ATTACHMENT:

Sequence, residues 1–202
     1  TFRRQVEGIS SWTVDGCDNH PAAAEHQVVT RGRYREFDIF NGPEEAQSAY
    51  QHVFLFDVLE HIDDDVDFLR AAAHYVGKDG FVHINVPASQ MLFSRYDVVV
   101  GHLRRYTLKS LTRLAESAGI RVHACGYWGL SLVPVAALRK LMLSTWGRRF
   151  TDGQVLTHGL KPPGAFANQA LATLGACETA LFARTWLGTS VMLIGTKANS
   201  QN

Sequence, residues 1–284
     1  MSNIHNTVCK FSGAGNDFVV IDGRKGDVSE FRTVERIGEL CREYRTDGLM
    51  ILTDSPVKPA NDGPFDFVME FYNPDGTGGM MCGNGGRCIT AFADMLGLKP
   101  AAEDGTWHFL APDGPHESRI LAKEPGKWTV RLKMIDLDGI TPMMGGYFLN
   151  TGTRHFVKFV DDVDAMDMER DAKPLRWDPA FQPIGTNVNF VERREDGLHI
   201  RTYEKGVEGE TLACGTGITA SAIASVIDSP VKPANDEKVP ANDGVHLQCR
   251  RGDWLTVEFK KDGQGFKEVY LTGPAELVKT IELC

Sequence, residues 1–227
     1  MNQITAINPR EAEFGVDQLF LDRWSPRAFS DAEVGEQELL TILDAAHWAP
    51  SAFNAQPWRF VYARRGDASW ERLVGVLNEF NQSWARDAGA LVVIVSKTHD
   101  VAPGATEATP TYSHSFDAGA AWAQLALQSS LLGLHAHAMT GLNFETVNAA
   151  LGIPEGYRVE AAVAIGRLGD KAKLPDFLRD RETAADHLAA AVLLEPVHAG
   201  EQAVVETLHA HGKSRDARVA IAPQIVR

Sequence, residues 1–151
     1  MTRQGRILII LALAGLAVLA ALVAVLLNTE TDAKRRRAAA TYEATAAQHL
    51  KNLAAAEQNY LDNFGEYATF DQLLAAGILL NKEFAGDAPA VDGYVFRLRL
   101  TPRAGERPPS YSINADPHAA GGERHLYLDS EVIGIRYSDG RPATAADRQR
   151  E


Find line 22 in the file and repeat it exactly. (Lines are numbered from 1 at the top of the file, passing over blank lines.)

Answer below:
    51  KNLAAAEQNY LDNFGEYATF DQLLAAGILL NKEFAGDAPA VDGYVFRLRL